A heartfelt thanksPublished 10:19am Friday, October 11, 2013
A few Fridays ago, I walked out of the office at around 3 a.m., following a long day at the office — more than 15 hours, not that I was counting.
Events had conspired on the previous few days to put me behind going into a football Friday, and the hours just kept on adding up. But the newspaper did eventually come out.
I complained to anyone who would listen at the time.
But I don’t think I’ll ever complain about hours again.
Emergency crews, fighting a fire at a warehouse in Courtland, started to work around noon on Wednesday, and here at 3 p.m. on Thursday, they were still going, performing what they call overhaul. That’s when firefighters pull out their hooks and other tools to get into the walls, ceilings, voids and wherever else to try and prevent extension and the fire from rekindling.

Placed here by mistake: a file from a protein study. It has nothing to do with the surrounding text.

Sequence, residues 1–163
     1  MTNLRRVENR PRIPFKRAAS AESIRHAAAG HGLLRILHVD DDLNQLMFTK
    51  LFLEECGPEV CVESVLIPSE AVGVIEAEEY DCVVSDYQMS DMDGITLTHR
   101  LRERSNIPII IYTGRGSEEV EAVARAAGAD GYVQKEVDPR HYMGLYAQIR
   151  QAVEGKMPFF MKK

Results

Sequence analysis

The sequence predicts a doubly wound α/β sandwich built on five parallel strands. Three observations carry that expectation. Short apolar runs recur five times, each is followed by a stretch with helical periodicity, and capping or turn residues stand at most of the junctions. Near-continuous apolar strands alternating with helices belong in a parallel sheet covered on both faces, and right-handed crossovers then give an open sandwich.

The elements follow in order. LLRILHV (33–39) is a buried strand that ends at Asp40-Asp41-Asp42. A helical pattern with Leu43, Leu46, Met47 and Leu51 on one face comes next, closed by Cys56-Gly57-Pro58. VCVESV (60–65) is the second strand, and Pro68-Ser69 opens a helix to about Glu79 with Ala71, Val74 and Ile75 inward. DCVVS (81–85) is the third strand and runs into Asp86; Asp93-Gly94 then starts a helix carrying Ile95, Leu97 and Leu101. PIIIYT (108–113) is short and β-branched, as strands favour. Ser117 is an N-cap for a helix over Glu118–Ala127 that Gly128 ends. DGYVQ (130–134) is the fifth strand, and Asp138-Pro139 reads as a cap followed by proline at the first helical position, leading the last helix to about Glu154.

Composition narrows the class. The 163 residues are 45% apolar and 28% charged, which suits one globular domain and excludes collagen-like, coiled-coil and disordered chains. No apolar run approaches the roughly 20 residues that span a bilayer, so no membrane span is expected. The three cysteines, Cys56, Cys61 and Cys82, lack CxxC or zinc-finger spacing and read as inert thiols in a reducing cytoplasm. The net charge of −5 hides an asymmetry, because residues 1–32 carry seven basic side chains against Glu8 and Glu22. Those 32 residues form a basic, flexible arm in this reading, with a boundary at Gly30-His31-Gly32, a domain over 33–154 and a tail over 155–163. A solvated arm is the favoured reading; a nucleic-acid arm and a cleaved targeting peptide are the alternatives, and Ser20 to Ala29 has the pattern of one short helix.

First, and most importantly, I would like to give the deepest thanks to all of the firefighters, volunteer or otherwise, deputies, emergency medical technicians, dispatchers and everyone who came together to help fight this major fire, though I know a simple thanks isn’t really enough.
Crews have come in from many areas, giving up time with their loved ones and potentially endangering their lives to fight this fire. Three firefighters have been treated and released from Southampton Memorial Hospital.
I can’t think of anything I’ll ever do that will compare to this type of experience, especially not on a Friday night. Sure, I’ve heard of sports photographers who have had their limbs broken when a play took a turn into the photographer on the sideline. But even this would be comical compared to what firefighters go through.
I have friends who are volunteer firefighters. They take time away from their families, their studies and their jobs to go away to receive training for this job. And when a fire happens, they again take time away from their families, studies and jobs to go out and fight it. They are schoolteachers. They are pharmacy technicians. They are college students. And they are also heroes.
My hat is off to these men and women sacrificing for the good of the community, and not expecting anything in return.
CAIN MADDEN is the managing editor of The Tidewater News. He can be reached at 562-3187 or by email at firstname.lastname@example.org